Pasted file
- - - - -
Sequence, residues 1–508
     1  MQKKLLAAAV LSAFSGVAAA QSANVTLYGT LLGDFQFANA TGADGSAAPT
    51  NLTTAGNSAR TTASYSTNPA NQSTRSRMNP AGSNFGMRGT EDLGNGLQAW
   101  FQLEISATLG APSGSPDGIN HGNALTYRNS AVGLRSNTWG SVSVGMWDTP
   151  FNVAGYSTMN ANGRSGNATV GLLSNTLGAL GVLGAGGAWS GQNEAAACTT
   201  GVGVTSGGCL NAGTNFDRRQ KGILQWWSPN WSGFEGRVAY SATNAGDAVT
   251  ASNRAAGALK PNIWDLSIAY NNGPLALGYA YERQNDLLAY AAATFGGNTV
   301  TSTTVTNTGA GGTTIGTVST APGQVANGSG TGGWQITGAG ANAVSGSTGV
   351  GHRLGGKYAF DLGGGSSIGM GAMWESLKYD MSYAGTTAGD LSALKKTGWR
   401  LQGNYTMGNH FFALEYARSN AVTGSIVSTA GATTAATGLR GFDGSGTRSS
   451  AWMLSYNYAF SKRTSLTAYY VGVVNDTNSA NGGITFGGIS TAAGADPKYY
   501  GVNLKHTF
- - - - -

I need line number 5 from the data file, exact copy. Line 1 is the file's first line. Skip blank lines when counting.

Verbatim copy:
   151  FNVAGYSTMN ANGRSGNATV GLLSNTLGAL GVLGAGGAWS GQNEAAACTT